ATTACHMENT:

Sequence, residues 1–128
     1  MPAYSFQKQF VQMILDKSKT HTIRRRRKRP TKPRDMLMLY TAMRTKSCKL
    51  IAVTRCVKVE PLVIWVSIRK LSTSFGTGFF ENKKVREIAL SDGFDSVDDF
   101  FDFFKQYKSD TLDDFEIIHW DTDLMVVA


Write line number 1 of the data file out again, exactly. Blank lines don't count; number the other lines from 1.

Sequence, residues 1–128